Astronomy For Dummies: (Almost) Naked Edition
First, welcome to the second installment of Astronomy For Dummies. Second, I bet you're as excited about this post as I am, aren't you? Come on, admit it. Space is so cool, and we're in it right now (!!)
And .... no, I never claimed to be funny or even consistently witty. Shhhhh.
Third, this is called the "(almost) naked" edition because I was almost entirely viewing with the naked eye last night, the exception being when I took part of my telescope upstairs to help me out. Sorry to disappoint you, but this ain't Skinemax!
Last night was an incredibly clear night in San Francisco. Of all the nights I've stargazed on my roof, I've never seen conditions as clear and dark as last night. The Pleiades (my favorite) looked huge, even from the ground, and it was sparkling like champagne. It took my breath away. Orion's nebula was also glimmering much more brightly than I'm usually able to see it, and from the moment I stepped onto the roof, I knew I would spend a lot of my night there.
A couple of hours later, I returned to the roof, this time armed with Star Chart (Android app, truly awesome, only $2.99 in the app store) as well as the finderscope from my larger telescope. I usually use the finderscope when we're not feeling up to setting the large telescope up and spending hours on the roof at a time. It's nowhere near as magnifying as the large telescope, but it does a great job for a little guy, and I love being able to see a bit more than usual with minimal effort/no calibration.
I went up several times during the night. Confession: the first time I brought up the finderscope with me, I accidentally stayed up there for 45 minutes! It was that fascinating, and oh my goodness, does time ever fly when you're looking at the stars...at least, it does for me.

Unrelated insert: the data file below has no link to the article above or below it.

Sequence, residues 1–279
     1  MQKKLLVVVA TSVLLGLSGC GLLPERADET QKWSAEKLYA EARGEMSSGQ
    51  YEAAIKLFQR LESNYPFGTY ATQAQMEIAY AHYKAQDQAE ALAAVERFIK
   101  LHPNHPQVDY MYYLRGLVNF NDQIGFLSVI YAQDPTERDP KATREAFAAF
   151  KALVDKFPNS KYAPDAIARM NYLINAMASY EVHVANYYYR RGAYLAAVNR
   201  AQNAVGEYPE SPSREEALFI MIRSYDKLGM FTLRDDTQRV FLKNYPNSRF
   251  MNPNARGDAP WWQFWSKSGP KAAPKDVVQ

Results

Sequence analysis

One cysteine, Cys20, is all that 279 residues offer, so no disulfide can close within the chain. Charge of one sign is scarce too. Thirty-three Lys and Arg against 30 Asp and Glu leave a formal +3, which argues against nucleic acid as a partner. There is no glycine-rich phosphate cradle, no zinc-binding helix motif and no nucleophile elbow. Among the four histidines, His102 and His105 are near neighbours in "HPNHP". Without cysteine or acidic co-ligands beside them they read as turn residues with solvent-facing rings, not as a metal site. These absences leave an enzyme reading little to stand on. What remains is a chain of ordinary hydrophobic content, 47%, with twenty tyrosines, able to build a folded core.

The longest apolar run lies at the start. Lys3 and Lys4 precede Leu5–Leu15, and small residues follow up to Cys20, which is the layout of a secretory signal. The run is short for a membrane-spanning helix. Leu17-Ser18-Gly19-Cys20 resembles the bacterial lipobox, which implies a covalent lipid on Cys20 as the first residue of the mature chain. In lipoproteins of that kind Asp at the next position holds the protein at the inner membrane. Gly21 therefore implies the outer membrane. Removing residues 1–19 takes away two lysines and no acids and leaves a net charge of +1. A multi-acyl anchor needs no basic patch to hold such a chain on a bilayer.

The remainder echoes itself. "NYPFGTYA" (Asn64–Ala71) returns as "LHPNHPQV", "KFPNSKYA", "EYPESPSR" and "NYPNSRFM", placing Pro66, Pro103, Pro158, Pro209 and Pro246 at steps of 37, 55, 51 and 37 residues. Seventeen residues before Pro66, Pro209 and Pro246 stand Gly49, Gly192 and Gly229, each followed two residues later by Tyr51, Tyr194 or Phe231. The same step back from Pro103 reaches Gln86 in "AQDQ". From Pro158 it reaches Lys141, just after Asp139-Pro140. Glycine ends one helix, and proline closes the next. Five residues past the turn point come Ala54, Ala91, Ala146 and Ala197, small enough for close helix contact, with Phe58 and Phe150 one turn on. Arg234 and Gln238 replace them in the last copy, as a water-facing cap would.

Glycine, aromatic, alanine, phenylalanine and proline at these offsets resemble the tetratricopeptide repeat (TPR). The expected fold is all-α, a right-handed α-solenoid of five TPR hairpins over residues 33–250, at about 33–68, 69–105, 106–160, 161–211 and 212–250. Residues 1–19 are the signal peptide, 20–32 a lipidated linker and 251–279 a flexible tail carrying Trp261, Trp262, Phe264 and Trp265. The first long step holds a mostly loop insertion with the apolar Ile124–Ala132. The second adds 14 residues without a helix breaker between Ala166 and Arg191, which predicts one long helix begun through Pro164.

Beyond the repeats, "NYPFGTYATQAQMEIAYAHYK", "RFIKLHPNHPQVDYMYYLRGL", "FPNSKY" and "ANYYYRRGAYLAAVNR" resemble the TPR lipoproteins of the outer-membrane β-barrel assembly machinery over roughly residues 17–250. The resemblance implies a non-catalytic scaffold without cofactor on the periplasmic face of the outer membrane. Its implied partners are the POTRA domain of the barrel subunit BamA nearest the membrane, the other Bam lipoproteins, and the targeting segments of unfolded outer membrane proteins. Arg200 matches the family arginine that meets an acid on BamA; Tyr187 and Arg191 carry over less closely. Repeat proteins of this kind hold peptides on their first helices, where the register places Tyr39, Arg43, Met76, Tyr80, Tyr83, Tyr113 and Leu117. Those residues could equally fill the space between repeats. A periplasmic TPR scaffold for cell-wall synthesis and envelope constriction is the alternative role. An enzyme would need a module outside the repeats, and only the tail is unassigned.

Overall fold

Here is some of what I saw last night. All of these were firsts for me. I've tried to find photos of each on the internet that are approximately the same size I saw. Keep in mind that this will be far less impressive-seeming than pictures of what I see out of the big telescope, but that's your problem, isn't it? I can assure you, it was just as mind blowing at a smaller scale. The universe is amazing:
|Messier 13, aka the Great Hercules Globular Cluster ... this looks a bit larger than what I saw.|
|Antares (Alpha Scorpii) & most of Sorpio & Libra. I hadn't glimpsed either one before, so that was fun!|
|Arcturus; I'd never seen it because you have to be up right before dawn to see it.|
|The Virgo Cluster of Galaxies ... this is a bit generous, I could barely make it out but I could! Exciting!|
You kind of had to be there.
I also peeked at the usual suspects: the moon, Mars, Jupiter, Saturn, The Pleiades, etc. I went on another incredibly frustrating and inconclusive search for the Andromeda Galaxy & the Crab Nebula, both of which I might have seen, but due to the hand held, small nature of my finderscope, there isn't any way to be sure until I get the big 'scope out there. I can't wait to do that, but at the same time, it was really nice to have as much fun as I did last night without the major assembly/calibration.
Perhaps, if you're not having winter this year like us in SF, this post will motivate you to go outside at night and gaze upward. If you do, please let me know what you saw! We can geek out together. And besides, what's more "dummy friendly" than these instructions: GO OUTSIDE. LOOK UP! ☆